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the philosophical study of manifestations of design or purposes in natural processes or occurrences, under the belief that natural processes are not determined by mechanism but rather by their utility in an overall natural design. Dysteleology is the doctrine of purposelessness in nature. (American Heritage Dictionary) Teleology is associated with vitalism. It explains apparently purposeful animal behavior by saying that the action is performed because it will later be advantageous to the animal. Science, on the other hand, has sought to explain apparently purposeful behavior through the theory of mechanism. The notion that an organism contains a model of the actual world and a model of the desired world and acts so as to make the actual world conform to the desired world is compatible with the theory of mechanism. (Umpleby)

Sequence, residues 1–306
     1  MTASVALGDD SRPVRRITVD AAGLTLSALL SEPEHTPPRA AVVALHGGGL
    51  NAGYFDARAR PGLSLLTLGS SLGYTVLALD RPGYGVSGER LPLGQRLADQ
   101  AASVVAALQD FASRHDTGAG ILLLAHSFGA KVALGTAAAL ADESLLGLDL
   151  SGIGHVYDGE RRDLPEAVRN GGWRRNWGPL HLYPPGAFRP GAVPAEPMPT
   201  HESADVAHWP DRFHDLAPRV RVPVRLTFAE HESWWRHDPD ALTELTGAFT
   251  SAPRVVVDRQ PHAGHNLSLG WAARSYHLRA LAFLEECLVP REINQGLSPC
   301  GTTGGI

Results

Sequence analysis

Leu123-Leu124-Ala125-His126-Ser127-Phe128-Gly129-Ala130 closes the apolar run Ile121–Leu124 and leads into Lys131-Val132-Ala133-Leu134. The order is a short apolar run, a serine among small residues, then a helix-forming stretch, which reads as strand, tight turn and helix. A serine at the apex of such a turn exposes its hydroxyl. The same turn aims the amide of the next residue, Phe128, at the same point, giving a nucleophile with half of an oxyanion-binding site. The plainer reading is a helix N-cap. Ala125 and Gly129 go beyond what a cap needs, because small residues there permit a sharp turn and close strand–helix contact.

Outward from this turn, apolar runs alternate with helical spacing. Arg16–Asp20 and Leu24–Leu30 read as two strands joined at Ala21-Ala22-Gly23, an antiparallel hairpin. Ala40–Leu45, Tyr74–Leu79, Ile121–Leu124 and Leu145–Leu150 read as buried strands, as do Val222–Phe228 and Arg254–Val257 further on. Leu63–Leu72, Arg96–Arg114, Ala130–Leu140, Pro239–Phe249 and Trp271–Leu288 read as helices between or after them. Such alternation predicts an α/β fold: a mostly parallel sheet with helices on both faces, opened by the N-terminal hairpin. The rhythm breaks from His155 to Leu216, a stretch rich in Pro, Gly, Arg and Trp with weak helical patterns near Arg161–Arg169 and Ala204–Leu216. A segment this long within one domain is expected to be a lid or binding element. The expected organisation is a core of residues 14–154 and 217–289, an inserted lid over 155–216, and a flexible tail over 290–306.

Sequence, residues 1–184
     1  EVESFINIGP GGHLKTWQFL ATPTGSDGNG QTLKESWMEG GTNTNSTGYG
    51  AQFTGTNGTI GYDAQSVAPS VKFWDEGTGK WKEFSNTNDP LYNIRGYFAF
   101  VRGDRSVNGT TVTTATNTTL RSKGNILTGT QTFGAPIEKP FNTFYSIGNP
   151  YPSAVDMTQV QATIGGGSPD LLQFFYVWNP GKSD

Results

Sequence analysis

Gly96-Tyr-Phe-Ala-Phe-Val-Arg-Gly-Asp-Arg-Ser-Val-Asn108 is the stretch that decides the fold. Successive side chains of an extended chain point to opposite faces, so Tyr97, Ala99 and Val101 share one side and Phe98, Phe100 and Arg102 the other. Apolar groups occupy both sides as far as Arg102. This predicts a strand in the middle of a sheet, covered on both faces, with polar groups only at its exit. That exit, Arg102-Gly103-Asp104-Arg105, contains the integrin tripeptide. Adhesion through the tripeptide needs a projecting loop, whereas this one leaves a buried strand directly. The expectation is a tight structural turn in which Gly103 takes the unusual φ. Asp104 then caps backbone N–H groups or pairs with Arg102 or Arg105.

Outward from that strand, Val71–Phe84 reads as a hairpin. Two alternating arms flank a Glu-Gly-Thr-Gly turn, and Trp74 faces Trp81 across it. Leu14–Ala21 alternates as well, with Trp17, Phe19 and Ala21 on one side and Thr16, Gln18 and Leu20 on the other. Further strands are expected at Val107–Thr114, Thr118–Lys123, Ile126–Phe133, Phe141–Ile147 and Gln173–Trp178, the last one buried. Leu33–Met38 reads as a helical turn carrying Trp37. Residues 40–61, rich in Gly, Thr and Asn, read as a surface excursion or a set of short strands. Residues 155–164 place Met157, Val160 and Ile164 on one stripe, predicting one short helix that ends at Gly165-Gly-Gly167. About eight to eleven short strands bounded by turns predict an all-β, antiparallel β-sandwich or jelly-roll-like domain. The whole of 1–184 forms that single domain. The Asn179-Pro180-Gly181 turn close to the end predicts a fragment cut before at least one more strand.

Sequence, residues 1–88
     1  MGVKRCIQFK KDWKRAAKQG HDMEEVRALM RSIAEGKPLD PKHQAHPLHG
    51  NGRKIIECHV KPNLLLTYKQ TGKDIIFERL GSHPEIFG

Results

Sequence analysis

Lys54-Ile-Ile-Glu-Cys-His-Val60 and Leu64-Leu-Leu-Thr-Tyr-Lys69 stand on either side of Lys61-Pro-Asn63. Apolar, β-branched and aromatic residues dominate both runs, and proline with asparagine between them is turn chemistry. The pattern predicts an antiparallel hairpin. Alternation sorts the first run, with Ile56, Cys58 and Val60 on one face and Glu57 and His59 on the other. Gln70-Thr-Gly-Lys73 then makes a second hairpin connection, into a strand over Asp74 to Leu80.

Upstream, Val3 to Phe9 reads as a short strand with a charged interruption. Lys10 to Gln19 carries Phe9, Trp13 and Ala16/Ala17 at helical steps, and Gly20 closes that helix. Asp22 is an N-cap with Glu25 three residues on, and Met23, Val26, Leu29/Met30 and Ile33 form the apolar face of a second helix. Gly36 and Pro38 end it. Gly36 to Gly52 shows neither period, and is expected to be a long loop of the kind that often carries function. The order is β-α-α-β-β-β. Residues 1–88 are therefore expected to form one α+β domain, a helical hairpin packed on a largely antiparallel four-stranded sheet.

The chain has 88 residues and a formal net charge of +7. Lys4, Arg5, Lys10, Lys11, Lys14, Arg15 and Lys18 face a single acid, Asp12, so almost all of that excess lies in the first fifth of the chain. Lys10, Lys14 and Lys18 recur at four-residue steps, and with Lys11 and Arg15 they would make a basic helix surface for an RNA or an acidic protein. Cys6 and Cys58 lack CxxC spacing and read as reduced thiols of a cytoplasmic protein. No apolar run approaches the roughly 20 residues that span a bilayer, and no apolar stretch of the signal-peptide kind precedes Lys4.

Originally, the study of ends, goals and purposes. In cybernetics, the STRUCTURal and organizational conditions for systems to exhibit purposeful behavior, reach goals (see goal oriented), maintain steady states (see homeostasis), survive threats from their environments (see evolution, adaptation), etc. (Krippendorff)
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